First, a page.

Theory and practice come together in the concept of ‘praxis’.

What is praxis in education?

A simple explanation is that praxis is a cycle of theory and purposeful action that incorporates reflection. It helps us to analyse our efforts so that we can develop and improve our thinking, doing and effectiveness as educators.


There are other interpretations and this doesn’t capture the additional elements of informed moral commitment and critical thinking that are commonly associated with praxis. Paulo Freire’s definition of praxis in Pedagogy of the Oppressed was, “reflection and action upon the world in order to transform it.”  Praxis is reflective, active, creative, contextual and has social purpose.

Centuries ago the ancient Greek philosopher Aristotle categorised three disciplines of knowledge: the theoretical, the productive and the practical and some educators see praxis as one of four ways of approaching curriculum theory and practice, based on these three disciplines:


  • The syllabus approach can be seen as transmitting a body of knowledge .
  • The product approach assumes an attempt for students to achieve specified outcomes.
  • Learning to learn is the main focus of a process driven approach.
  • Praxis can be seen as an extension of the process approach, where the curriculum is put together through planning, acting and evaluating as in the cycle described above.

Is this model too simplistic? Are the four approaches mutually exclusive?

These are very basic and introductory interpretations of praxis. Although they refer to education as being contextualised, they can imply that the relationship between tutors and students is not shaped or constrained by policy and, in many organisations, by management and governance decisions.

What issues does this raise?

Some organisations are taking imaginative and very distinctive approaches. For example, Louise Mycroft (@TeachNorthern on Twitter) and others have developed a ‘Community of Praxis’ based on Northern College’s teacher education programmes.

As ever, I’d appreciate comments, development of arguments, disagreements, other ideas or links. There is a great deal of expertise on this subject and many people who can add deeper (or different?) perspectives about praxis in education.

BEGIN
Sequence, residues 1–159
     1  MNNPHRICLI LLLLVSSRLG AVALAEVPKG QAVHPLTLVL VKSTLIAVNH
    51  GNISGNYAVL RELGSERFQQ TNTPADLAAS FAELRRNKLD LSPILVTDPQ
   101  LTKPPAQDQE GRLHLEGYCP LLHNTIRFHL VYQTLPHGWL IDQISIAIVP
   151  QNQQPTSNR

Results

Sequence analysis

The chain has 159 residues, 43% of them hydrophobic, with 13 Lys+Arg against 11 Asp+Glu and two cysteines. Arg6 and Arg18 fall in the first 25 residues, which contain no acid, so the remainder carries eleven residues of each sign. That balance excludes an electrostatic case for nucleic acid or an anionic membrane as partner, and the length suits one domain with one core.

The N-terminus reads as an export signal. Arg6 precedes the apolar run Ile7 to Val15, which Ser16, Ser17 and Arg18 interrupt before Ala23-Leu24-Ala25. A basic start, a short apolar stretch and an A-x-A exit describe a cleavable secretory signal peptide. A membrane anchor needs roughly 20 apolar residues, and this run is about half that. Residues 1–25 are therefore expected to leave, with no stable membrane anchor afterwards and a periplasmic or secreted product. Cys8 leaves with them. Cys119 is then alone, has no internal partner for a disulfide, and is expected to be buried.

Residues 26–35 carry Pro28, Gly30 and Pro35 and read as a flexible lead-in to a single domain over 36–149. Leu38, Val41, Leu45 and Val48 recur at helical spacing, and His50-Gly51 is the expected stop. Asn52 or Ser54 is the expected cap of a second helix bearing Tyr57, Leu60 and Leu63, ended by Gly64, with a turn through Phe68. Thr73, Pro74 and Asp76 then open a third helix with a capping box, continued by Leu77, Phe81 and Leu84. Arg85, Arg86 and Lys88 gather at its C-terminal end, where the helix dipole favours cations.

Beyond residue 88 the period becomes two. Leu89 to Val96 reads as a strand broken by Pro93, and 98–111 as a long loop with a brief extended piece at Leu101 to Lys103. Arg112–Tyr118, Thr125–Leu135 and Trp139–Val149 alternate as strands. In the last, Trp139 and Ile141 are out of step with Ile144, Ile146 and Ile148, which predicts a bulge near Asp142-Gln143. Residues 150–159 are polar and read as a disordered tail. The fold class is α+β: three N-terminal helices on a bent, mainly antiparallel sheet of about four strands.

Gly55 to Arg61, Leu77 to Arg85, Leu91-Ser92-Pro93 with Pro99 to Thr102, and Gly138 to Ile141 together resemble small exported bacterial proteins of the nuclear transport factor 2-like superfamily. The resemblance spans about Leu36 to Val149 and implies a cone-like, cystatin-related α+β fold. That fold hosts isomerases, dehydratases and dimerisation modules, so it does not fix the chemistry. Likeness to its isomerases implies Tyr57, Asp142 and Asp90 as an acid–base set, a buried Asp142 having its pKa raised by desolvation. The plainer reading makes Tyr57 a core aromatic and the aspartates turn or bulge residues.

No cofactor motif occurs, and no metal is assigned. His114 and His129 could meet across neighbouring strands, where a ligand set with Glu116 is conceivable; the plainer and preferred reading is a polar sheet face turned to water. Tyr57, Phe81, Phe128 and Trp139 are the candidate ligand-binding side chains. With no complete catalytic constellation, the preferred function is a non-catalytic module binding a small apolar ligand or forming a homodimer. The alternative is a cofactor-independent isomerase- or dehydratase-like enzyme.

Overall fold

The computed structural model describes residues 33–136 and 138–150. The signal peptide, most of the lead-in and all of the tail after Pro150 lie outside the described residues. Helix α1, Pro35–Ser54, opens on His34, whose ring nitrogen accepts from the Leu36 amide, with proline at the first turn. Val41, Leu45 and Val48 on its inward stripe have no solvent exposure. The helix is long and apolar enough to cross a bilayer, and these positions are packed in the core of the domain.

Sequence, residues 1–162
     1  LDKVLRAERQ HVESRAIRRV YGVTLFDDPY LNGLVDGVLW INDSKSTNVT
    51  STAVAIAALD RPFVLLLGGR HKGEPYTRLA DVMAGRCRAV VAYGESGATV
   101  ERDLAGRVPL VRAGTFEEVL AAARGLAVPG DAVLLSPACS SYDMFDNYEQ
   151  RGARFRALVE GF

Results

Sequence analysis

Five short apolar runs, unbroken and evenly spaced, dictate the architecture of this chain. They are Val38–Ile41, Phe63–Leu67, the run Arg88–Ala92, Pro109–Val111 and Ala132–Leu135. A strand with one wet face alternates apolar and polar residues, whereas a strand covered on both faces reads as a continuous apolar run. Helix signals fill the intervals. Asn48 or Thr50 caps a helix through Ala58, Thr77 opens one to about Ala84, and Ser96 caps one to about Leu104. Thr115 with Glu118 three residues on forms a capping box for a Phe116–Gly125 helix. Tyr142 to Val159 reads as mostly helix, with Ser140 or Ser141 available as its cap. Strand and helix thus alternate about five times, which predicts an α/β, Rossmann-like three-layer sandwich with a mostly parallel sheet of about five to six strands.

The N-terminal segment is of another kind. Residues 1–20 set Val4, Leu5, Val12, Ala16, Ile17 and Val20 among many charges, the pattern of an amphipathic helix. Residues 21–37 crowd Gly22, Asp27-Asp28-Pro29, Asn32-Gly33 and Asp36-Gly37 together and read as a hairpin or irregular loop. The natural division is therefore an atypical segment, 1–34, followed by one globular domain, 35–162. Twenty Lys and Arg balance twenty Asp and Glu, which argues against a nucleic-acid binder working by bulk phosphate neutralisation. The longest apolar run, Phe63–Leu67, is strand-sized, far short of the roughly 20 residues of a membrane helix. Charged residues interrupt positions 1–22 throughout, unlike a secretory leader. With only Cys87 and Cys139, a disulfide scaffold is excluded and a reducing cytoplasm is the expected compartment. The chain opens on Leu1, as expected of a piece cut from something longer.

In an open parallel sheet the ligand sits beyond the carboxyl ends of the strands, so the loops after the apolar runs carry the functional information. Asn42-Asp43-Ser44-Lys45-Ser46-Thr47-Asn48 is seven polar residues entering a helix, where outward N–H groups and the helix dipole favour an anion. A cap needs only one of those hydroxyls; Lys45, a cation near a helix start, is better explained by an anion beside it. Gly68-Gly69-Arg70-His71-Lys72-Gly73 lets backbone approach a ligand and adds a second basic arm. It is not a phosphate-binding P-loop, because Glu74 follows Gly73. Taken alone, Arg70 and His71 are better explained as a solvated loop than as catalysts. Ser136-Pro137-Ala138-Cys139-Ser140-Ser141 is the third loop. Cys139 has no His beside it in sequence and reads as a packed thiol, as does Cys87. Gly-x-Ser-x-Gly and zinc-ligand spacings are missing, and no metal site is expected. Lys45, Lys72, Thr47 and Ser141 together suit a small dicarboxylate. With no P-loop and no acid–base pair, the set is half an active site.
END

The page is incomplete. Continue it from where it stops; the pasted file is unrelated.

What do you think?

Educational Thinkers’ Hall of Fame – John Hattie

I’m including John Hattie in the Educational Thinkers’ Hall of Fame because of his reputation for research into positive influences on students’ learning. He was already a well-known academic when he made an international impact with his 2009 book, ‘Visible Learning: A Synthesis of Over 800 Meta-Analyses Relating to Achievement’.

Hattie Visible Learning

Visible Learning – 15 years of research
He based this book on the biggest ever collection of evidence-based research into the most important influences on school-aged students’ achievements. He considered many factors. These included the influence of home, school, curricula, teachers and teaching strategies. His findings are relevant to adult education too.

He analysed all the evidence that he had collected and ranked the various factors in order of their ‘effect-sizes’. Some of his variables, such as ‘feedback’ or ‘acceleration’ can mean different things to different people and Hattie explained them more fully in his narrative.

Hattie’s average effect-sizes
He used the following descriptions to explain ‘effect-size’ as used in the table below:
• An effect-size of 0.5 is equivalent to a one grade leap at GCSE
• An effect-size of 1.0 is equivalent to a two grade leap at GCSE
• ‘No. of effects’ is the number of well-designed studies producing effect-sizes that were averaged in the table’s right hand column.
• An effect-size above 0.4 is significant and above average for educational research.

This extract from a table of his findings shows some of the highest scoring factors that Hattie identified, ranked by their average effect-sizes. Some of his results seem to be highly significant given his explanation that a score greater than 0.5 can raise students’ GCSE grades. His analysis identifies feedback as being massively influential.


Hattie’s conclusions